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CGD's work in this area seeks to better understand the sources of global learning gaps and to identify solutions to help close these gaps.
While primary school enrolment levels have increased dramatically in recent decades, this progress has not been matched by equivalent gains in learning. Millions of children in the developing world leave school without basic literacy and numeracy skills. CGD seeks to better understand what causes this learning gap and to identify policies and ideas to help end the global learning crisis.
3.5 million children around the world are refugees, many with little or no access to schooling. That means we won’t come anywhere near our targets for the fourth Sustainable Development Goal—quality education for all—unless we can address the refugee crisis. Save the Children International president Helle Thorning-Schmidt joins the CGD podcast to discuss how donor countries can help.
The release of the World Bank’s World Development Report (WDR) is a milestone in the struggle to prepare the youth of today for the challenges of the world they will face. The report focuses on both the need to “get education right” and how to reform education systems to meet the challenge of preparing today’s youth to be tomorrow’s citizens, parents, community members, workers, and leaders. As we outline below, the WDR and our RISE programme share many core themes.
Can teacher quality explain the low learning levels observed in many African countries? Survey data spanning seven countries in sub-Saharan African shows that after four years of schooling, the majority of students fail to master tasks covered in the second year curriculum. In their new paper, Tessa Bold and her co-authors show these low learning levels can be partly explained by teachers’ limited knowledge of curriculum content. Many teachers struggle with tasks that their students should master in lower primary. If all students had been taught by teachers who had mastered the lower secondary curriculum, students would have acquired the equivalent of an additional three quarters of a year of schooling after four years, and the observed gap in effective education after four years would have been reduced by one third.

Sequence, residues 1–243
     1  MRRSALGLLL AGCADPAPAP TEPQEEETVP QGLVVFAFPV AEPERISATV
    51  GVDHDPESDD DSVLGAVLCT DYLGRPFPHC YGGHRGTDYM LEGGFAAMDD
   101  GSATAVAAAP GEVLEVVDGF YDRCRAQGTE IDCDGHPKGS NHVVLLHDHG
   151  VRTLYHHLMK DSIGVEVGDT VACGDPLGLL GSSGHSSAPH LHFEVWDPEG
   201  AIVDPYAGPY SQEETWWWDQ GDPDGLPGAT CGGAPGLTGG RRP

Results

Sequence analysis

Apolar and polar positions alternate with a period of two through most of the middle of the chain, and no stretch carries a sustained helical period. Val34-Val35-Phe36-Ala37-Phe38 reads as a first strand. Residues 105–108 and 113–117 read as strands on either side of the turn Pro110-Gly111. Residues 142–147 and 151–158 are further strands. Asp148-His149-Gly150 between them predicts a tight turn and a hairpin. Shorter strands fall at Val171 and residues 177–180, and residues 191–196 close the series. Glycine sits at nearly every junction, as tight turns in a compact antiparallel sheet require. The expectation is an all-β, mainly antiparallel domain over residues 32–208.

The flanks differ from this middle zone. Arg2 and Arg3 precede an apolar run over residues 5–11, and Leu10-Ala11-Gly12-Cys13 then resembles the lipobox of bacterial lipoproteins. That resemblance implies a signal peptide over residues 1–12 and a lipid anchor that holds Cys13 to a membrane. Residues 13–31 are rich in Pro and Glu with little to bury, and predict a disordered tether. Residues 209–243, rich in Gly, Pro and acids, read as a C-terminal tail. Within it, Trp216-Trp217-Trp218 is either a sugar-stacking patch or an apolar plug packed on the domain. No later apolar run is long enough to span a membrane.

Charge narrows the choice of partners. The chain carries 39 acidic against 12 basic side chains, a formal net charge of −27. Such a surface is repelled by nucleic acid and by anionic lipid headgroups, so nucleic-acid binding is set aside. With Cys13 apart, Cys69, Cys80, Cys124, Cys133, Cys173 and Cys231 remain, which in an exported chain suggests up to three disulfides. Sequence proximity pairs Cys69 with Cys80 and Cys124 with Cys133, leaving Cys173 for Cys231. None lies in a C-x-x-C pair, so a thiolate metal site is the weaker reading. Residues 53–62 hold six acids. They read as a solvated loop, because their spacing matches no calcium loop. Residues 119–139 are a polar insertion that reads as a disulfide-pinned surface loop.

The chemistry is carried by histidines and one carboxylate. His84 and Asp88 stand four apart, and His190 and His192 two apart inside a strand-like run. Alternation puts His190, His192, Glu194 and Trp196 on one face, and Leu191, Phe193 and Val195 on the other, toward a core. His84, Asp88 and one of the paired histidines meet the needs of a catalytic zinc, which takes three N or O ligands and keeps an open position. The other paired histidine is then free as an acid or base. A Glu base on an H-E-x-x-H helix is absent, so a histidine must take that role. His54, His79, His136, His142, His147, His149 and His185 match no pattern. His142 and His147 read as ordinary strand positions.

After one year, public schools managed by private contractors in Liberia raised student learning by 60 percent, compared to standard public schools. But costs were high, performance varied across contractors, and contracts authorized the largest contractor to push excess pupils and underperforming teachers onto other government schools.
When Pratham used simple “report cards” to provide information about learning outcomes to villages in India, the intervention largely failed. There was no improvement in attendance of children or teachers, no improvement in learning outcomes; and parents, teachers, and village education committees did not become more engaged with the schools (Banerjee et al., 2010). However, when Pratham-trained youth volunteers offered basic reading classes outside of regular school, reading skills of children who attended improved substantially after one year. Why did information provision fail to improve learning outcomes?